4. Contrary to official proclamations on the eve of the Korean War that the peninsula represented China's "little socialist brother," many Chinese at the grassroots distrusted Koreans, who they viewed as "thugs" that "took advantage of China before 1945." And indeed, police reports show 400+ Korean drug dealers were in Beiping (today Beijing) under protection of Japanese authorities in the early 1940s. (Zhao Ma)
3. Child trafficking is a real problem in China, with hundreds of children (many of migrant parents) going missing each week. At least 10,000 – probably more than 70,000 – trafficked each year. (Johanna Ransmeier)
2. Closure of organizations or publications in China less connected to particular actions on part of those organizations or publications than commonly believed. Sacking of Yanhong chunqiu《炎黄春秋》leadership in July 2016 corresponded with arrests of human rights lawyers, church groups, and others. (Rowena Xiaoqing He)
*Bonus: Criticisms of Yanhong chunqiu as representing "historical nihilism" are glaringly disingenuous. The Chinese Communist Party (CCP) pretends that the magazine ignored the merits of the past, but instead the magazine was merely recognizing the de-merit of the CCP, meaning it is the CCP that is in fact nihilist. (Perry Link)
1. In 1970 before channels were opened between United States and China, Mao told the leftist American journalist Edgar Snow, in English, that Nixon was the "number one good fellow in the world." This wasn't mere momentary exuberance, because he then ordered perplexed Cultural Revolution-era party cadres to study the statement. (Sergey Radchenko)
Kicked off today in Toronto with "CTA Day" (Committee for Teaching Asia). Seeking peace was the theme, with impressively textured presentation by atomic bomb survivor Setsuko Thurlow, who was thirteen years old in Hiroshima when the bomb fell in August 1945. Toward the end of her talk she recommended checking out her interview with Amy Goodman. In addition, we heard talks on strategies for teaching Hiroshima and the legacies of the partition(s) of British India.
AAS keynote by Zhang Longxi (张隆溪) argued cultural insight only possible if one works from more than one tradition. Cited Montaigne, Reichwein, Leibniz, Gertrude, and Brook showing important role China played in West's intellectual modernity. Also exposed sloppiness of East vs. West essentialism and called out Richard Nisbett (Geography of Thought).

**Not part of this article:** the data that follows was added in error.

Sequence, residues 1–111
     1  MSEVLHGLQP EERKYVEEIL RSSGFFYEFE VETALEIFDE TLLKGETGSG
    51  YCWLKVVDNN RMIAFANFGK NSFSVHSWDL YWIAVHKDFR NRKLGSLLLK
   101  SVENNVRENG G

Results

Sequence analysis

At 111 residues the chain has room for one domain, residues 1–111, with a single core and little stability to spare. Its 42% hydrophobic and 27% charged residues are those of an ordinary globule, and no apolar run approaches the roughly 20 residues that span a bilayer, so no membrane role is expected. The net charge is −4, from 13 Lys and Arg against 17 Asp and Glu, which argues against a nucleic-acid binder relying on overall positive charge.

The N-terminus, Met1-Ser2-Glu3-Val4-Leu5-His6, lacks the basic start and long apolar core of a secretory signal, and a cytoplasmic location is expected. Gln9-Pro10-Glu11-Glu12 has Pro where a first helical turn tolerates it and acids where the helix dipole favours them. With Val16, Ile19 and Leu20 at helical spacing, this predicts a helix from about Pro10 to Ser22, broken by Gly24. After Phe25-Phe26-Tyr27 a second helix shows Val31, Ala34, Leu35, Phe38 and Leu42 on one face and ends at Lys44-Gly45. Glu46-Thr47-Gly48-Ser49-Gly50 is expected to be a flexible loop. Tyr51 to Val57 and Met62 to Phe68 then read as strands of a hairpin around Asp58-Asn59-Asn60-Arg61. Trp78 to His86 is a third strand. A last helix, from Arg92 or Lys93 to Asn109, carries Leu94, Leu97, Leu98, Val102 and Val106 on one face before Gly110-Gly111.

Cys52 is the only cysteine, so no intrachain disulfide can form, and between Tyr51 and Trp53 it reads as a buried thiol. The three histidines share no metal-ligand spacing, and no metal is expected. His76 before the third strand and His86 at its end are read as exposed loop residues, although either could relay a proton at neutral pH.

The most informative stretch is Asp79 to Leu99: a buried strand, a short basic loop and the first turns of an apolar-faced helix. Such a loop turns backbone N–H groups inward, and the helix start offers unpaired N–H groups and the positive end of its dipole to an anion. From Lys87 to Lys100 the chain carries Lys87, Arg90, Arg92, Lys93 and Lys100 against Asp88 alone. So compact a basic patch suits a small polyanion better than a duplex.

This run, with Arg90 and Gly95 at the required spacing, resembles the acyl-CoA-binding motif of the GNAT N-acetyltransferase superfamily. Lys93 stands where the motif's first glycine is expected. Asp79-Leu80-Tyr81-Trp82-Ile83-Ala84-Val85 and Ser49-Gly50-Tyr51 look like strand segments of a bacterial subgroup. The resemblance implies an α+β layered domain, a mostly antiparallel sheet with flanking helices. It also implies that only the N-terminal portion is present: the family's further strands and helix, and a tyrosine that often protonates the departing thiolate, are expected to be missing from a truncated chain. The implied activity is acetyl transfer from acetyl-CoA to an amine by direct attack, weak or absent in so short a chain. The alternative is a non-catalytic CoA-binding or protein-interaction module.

Timothy Cheek and David Ownby led terrific panel on Canadian-Chinese collaboration tackling translation of contemporary Chinese public intellectuals. Cheek said new generation of scholars tasked with engaging Chinese colleagues on equal terms. Good questions on translation practice, e.g. when to keep romanized vs. when to translate? what to do when author makes wild claims? how much to smooth over cultural-specific references?
Calligraphy is among the most recognizable markers of Chinese culture. Even Americans who have never stepped foot in a Chinatown have likely encountered Chinese characters gracing a takeout restaurant sign or peeking out from a neck tattoo. Partly for this reason, Chinese characters provide an accessible entry point to learning about China and East Asia. . . .
Read more here (PDF). Published in Education About Asia volume 21:3 (Winter 2016).
An elderly couple camped outside as most of the city took shelter from the winter chill. They were doused in gasoline, flanked by a box of matches and a coffin. A small crowd looked on solemnly as the pair read posters recounting their story. These were Wang Shibo’s grandparents, whose store on the southern end of the popular Nanluoguxiang (南锣鼓巷) shopping street had been slated for demolition to make way for a new station along Beijing Subway’s newly-extended Line Eight. . . .
Read more here (link to China Beat).